War affected populations and cdd
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War Affected Populations and CDD. Designing demand-driven programs to serve war-affected populations. Objective of Study.

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War Affected Populations and CDD

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War affected populations and cdd

War Affected Populations and CDD

Designing demand-driven programs to serve war-affected populations

Objective of study

Objective of Study

  • Gain a better understanding of what design features World Bank demand-driven projects have used to best serve war affected populations (returning IDP, refugees, ex-combatants, war widows and orphans and other affected groups).

  • Provide a menu of options to TTLs and other partners interested in designing demand-driven projects that serve war affected populations and communities.

Projects serving war affected populations

Projects Serving War-affected Populations

  • The World Bank external database captures 174 projects serving conflict affected areas.

  • Of these 34 have some elements of a demand-driven project.

  • 10 of these projects were analyzed for the purpose of this study.

Overview of projects serving conflict areas

Overview of Projects Serving Conflict Areas

Projects serving war affected populations by sector

Projects Serving War-affected Populations by Sector

  • Sector Breakdown

    • Demobilization and Reintegration – 5%

    • Community Infrastructure Reconstruction – 36%

    • Macroeconomic Stabilization – 17%

    • Employment Creation/PW Reconstruction – 3%

    • HIV/AIDS – 2%

    • Other (Mostly Sector-specific) – 37%

Growth in projects serving war affected populations

Growth in # Projects Serving War-affected Populations

Project sample analyzed

Project Sample Analyzed

  • Colombia – Magdalena Medio Regional Development Project

  • Angola – Post Conflict Social Recovery Project

  • Eritrea Emergency Reconstruction Program

  • Rwanda – Community Reintegration and Development Project

  • Sierra Leone – National Social Action Project

  • Kosovo – Community Development Fund

  • Macedonia – Community Development Project

  • Afghanistan – National Community Empowerment Program

  • Sri Lanka – Northeast Irrigated Agriculture Project

  • East Timor – Third Community Empowerment and Local Governance Program

Categories of war affected populations

Categories of War-affected Populations

  • Ex-combatants (adults and children; rebels and government)

  • Internally Displaced People (IDPs)

  • Returning Refugees

  • Population that stayed

  • Vulnerable groups – widows, orphans, disabled, elderly, excluded ethnic groups

Characteristics of war affected areas populations served

Characteristics of War-affected Areas/Populations Served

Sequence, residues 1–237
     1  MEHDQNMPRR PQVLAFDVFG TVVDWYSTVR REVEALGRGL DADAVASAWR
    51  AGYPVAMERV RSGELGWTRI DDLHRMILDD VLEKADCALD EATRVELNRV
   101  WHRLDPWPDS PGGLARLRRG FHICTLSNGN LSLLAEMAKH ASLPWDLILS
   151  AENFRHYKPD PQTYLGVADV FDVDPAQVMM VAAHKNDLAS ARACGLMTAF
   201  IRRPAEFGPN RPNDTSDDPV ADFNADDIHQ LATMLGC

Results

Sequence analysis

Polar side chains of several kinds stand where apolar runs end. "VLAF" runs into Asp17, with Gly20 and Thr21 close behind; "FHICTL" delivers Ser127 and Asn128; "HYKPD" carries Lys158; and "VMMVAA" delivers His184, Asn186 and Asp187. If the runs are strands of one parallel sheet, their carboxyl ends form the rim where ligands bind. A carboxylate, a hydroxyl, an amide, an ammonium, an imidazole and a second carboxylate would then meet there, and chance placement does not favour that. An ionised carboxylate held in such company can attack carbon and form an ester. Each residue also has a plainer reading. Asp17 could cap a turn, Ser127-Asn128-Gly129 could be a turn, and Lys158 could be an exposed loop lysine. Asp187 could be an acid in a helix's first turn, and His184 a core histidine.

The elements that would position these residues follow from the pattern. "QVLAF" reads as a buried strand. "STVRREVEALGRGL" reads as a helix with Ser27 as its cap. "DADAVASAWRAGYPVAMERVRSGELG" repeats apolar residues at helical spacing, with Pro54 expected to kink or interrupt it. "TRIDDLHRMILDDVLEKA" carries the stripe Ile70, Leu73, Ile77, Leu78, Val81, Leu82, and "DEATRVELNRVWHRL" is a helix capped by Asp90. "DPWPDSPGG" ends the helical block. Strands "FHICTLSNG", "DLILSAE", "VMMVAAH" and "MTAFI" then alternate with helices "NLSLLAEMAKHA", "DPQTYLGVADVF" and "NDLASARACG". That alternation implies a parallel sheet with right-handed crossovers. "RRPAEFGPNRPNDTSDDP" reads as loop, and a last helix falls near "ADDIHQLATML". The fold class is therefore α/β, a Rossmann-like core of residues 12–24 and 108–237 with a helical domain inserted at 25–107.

• Destroyed or debilitated social infrastructure (Schools, Health Posts, Roads)

  • Agriculture stalled, due to abandonment, mines, lack of access to inputs or markets; industry

  • High unemployment, due to destruction or abandonment of industry

  • Loss of basic households assets (land, house, cooking utensils, clothes, tools, etc.)

Characteristics of war affected areas populations served1

Characteristics of War-affected Areas/Populations Served

  • Psychologically and physically traumatized population

  • Destroyed social fabric – lack of trust and cohesion

  • High levels of poverty and extreme poverty

  • Children and youth who have lost several years of schooling

  • Malnourished and in poor health

Types of interventions community level

Types of Interventions – Community Level

  • Organization of democratically-elected and representative community councils

  • Participatory community planning – multi-sectoral plans – block grant approach (Afghanistan, Angola, Rwanda)

  • Socio-economic infrastructure

  • Social services projects targeting vulnerable groups (Kosovo and Macedonia)

Types of interventions community level1

Types of Interventions – Community Level

  • Productive activities (agriculture, micro-enterprise, etc.)

  • Capacity-building for community-level associations (needs assessment, project identification, planning, implementation and management.)

  • Promotion of social cohesion – within community and among communities

Types of interventions regional and municipal levels

Types of Interventions – Regional and Municipal Levels

  • Capacity building for local government to be more responsive to demand from communities – promotion of decentralized model – often building democratic forms of local government from the bottom up (East Timor, Rwanda, Afghanistan).

  • Projects serving multiple communities and municipalities or districts.

Targeting strategies used

Targeting Strategies Used

  • Geographic targetingof most affected regions (Angola, Rwanda)– Selection criteria included:

    • Security and accessibility

    • Presence of local government authority and willingness to participate

    • Extent of war damage to community infrastructure

    • Number of returning ex-combatants, IDPs, and refugees

Targeting strategies used1

Targeting Strategies Used